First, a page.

The Long Divergence How Islamic Law Held Back the Middle East

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Empire and Law

A robust and detailed analysis of the effect of different forms of Islamic Law on the ME, focusing largely on the Ottoman case. Turan's focus is on 3 main issues: inheritance law, taxation and support for alternate legal systems.

Compared to prior Arab tribal law and even European Law, Islamic inheritance law was more equitable in the division of wealth, but there were emergent problems of asset fragmentation which worked against the accumulation of capital over the long term, from one generation to the next. This often resulted in farms and businesses that were too small to work profitably. A way around this was to create a tax free trust known as a "waqf" but dedicated to a public purpose such as a school or fountain which surviving family members could then run - but the waqf's purpose was completely static and could not be changed once established. Another problem was the requirement that all business partnerships were automatically terminated on the death of any one of the partners. Continuing a partnership required renegotiating the terms with all the heirs, any one of whom could have arbitrarily caused problems. The result was that the majority of partnerships were small and short term. The contrasting European approach was the establishment of family networks such as the Medicis (lasting 97 years), Fuggers, Bardi and Peruzzi conglomerates, which eventually lead to the idea of corporations and selling shares - abstract instruments which allowed enterprises to continue and assets to be divided without disruption of commercial agreements.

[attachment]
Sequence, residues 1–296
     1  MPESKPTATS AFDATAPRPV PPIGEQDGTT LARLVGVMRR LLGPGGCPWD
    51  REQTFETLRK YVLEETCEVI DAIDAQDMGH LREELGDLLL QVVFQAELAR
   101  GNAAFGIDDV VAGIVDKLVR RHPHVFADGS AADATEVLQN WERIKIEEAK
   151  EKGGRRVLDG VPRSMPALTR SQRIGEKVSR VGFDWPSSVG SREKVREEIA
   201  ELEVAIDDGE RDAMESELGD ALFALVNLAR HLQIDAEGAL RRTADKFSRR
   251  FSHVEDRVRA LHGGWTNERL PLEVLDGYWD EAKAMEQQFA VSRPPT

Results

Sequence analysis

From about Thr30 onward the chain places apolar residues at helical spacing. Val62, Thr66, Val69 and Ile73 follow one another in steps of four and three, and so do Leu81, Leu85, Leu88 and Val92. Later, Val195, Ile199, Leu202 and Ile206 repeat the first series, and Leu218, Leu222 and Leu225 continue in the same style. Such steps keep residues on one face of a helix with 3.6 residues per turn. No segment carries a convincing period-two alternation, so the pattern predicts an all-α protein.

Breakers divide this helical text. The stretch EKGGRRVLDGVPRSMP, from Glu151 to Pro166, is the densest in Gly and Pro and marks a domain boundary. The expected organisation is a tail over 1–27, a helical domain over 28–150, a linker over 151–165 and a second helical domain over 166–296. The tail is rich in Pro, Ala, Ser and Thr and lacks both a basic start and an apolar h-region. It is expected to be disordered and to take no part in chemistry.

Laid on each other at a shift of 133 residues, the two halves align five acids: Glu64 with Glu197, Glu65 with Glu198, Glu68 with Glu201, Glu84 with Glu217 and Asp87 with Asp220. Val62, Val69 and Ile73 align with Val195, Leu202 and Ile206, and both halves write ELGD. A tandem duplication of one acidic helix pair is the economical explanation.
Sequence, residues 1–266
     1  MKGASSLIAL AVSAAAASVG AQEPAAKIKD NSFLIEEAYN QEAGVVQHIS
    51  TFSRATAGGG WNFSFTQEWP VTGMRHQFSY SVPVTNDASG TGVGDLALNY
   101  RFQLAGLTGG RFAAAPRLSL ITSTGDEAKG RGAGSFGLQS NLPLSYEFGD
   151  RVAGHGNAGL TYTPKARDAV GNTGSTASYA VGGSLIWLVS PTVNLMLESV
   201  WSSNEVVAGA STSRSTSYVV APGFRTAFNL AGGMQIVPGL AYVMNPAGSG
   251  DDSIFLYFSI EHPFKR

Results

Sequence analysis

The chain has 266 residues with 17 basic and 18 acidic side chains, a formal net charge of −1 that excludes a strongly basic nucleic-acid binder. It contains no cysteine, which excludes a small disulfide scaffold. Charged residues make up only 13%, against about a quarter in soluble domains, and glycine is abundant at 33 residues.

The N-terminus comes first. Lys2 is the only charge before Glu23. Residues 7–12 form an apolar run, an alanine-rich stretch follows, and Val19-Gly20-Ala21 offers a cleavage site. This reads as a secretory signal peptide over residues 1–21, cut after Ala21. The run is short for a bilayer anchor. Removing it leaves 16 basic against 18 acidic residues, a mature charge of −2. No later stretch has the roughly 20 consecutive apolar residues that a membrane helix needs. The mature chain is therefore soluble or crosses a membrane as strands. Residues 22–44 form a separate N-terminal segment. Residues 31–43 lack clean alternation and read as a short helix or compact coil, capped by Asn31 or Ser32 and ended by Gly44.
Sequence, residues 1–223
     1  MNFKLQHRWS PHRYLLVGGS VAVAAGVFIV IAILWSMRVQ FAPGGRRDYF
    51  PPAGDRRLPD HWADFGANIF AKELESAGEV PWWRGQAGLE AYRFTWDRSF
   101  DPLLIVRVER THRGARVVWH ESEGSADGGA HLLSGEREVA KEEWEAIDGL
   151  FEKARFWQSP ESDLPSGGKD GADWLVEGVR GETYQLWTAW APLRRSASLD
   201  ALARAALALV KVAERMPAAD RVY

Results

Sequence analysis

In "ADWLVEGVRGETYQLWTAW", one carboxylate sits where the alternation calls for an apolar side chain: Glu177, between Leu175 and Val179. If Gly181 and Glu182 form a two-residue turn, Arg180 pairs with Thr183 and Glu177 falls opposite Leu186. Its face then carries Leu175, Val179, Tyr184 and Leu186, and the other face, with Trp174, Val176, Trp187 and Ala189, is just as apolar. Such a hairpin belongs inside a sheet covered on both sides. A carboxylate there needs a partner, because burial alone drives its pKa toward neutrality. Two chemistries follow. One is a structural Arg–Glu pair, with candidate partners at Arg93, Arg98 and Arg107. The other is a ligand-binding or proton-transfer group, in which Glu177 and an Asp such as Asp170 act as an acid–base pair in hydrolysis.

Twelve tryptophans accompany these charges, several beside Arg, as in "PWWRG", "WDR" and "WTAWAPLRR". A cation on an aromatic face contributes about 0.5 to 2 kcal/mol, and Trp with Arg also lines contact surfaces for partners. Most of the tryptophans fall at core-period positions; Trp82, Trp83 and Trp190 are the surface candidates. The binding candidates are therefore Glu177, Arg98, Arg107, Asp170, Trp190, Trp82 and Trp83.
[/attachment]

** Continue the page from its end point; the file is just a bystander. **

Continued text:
Turan uses the interesting example of Abu Taqqiya, a 16th century coffee merchant who essential franchised a series of cafes and also dominated the sugar market as well - in effect the original Starbucks. This feat was later reproduced by Qasim al-Sharaybi and also by Mahmud Muharram in the early and late 18th century - yet none of the above created a business that survived him.

Notwithstanding these problems, Muslims were not unsuccessful in business. Muhammed after all was first a merchant and many passages of the Quran are quite business friendly. Muslims colonized the far east through trade quite successfully, rather than the reverse, bringing their own scribes and systems of jurisprudence with them, though Turan does pass over the aspect of militant conquest.
With regard to religious tolerance, different faith groups could have their own judges for internal matters. Which sounds fair. Except that in matters involving even a single Muslim the matter had to be referred to a Muslim court, or for interfaith disputes between different sects of Christians or with Jews, both parties were likely to prefer the 3rd party Muslim courts rather than the court of one side or the other. Even Muslims had different courts depending on the "school" to which an individual belonged, ie: Hanafi, Hanbali.... This could lead to shopping around for an suitable court, though switching from court to court was discouraged. Another bias was, that since under Islamic Law only Muslims could bear arms, only the Islamic courts had recourse to physical enforcement - other faiths had to rely on moral or economic means of suasion.